Modeling ketamine effects on synaptic plasticity during the mismatch negativity

Cereb Cortex. 2013 Oct;23(10):2394-406. doi: 10.1093/cercor/bhs238. Epub 2012 Aug 8.


This paper presents a model-based investigation of mechanisms underlying the reduction of mismatch negativity (MMN) amplitudes under the NMDA-receptor antagonist ketamine. We applied dynamic causal modeling and Bayesian model selection to data from a recent ketamine study of the roving MMN paradigm, using a cross-over, double-blind, placebo-controlled design. Our modeling was guided by a predictive coding framework that unifies contemporary "adaptation" and "model adjustment" MMN theories. Comparing a series of dynamic causal models that allowed for different expressions of neuronal adaptation and synaptic plasticity, we obtained 3 major results: 1) We replicated previous results that both adaptation and short-term plasticity are necessary to explain MMN generation per se; 2) we found significant ketamine effects on synaptic plasticity, but not adaptation, and a selective ketamine effect on the forward connection from left primary auditory cortex to superior temporal gyrus; 3) this model-based estimate of ketamine effects on synaptic plasticity correlated significantly with ratings of ketamine-induced impairments in cognition and control. Our modeling approach thus suggests a concrete mechanism for ketamine effects on MMN that correlates with drug-induced psychopathology. More generally, this demonstrates the potential of modeling for inferring on synaptic physiology, and its pharmacological modulation, from electroencephalography data.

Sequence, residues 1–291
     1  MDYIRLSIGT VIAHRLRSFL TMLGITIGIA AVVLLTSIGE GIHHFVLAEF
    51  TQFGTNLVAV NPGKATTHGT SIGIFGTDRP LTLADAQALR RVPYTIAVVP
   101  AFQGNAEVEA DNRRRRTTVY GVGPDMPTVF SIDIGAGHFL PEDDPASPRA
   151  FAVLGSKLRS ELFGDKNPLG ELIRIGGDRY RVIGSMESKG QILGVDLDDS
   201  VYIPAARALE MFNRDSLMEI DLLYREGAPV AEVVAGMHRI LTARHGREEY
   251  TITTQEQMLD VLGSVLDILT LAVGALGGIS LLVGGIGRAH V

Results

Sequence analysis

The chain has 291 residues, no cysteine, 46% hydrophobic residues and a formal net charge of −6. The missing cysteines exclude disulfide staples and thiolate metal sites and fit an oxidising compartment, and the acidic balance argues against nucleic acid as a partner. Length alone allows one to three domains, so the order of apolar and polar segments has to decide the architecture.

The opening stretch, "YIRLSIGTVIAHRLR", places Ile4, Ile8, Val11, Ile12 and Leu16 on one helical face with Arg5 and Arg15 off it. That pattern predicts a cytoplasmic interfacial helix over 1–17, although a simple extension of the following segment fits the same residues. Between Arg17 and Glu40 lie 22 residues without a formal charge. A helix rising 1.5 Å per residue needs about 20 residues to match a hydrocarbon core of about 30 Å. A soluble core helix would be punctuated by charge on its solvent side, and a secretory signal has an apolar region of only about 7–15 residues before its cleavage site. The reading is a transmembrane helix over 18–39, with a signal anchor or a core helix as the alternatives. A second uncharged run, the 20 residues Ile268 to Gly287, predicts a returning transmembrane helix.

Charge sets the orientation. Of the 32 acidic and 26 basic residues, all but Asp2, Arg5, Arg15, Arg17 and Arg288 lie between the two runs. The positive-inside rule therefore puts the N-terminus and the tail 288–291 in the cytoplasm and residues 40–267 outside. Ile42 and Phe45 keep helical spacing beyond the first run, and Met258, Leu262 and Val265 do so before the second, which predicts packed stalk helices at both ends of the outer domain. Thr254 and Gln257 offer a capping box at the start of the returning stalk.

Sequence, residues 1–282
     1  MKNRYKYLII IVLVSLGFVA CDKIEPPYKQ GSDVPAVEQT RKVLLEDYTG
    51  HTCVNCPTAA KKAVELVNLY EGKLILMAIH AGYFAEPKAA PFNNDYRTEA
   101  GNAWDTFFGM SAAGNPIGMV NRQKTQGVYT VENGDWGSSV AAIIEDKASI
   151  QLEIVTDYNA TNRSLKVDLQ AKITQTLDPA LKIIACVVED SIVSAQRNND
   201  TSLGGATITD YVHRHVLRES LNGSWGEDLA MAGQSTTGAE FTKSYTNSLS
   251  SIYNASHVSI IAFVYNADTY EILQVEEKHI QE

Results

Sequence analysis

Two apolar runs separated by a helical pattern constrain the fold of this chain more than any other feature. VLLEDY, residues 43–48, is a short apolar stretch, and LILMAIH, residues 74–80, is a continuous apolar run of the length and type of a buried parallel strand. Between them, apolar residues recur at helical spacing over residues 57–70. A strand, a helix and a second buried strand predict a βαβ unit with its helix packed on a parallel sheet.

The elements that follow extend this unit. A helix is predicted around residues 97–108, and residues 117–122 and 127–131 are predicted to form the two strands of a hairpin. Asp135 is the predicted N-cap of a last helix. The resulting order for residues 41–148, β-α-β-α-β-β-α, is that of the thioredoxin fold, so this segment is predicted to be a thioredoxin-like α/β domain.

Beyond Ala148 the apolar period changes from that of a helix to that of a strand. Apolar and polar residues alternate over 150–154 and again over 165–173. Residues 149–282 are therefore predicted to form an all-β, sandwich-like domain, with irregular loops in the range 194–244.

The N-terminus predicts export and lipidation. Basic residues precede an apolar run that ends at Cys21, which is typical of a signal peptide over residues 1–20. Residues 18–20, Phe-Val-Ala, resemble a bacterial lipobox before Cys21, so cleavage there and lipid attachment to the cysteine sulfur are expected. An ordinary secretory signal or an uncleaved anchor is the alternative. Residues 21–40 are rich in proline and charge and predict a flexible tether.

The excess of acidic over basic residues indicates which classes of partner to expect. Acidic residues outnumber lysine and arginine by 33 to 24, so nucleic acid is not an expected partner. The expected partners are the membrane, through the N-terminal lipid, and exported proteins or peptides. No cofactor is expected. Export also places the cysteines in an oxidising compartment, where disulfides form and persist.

Keywords: Bayesian model selection; NMDA receptor; dynamic causal modeling; effective connectivity; mismatch negativity.

Publication types

  • Research Support, Non-U.S. Gov't

MeSH terms

  • Adult
  • Evoked Potentials / drug effects*
  • Excitatory Amino Acid Antagonists / pharmacology*
  • Female
  • Humans
  • Ketamine / pharmacology*
  • Male
  • Models, Neurological
  • Neuronal Plasticity / drug effects*
  • Receptors, N-Methyl-D-Aspartate / antagonists & inhibitors*


  • Excitatory Amino Acid Antagonists
  • Receptors, N-Methyl-D-Aspartate
  • Ketamine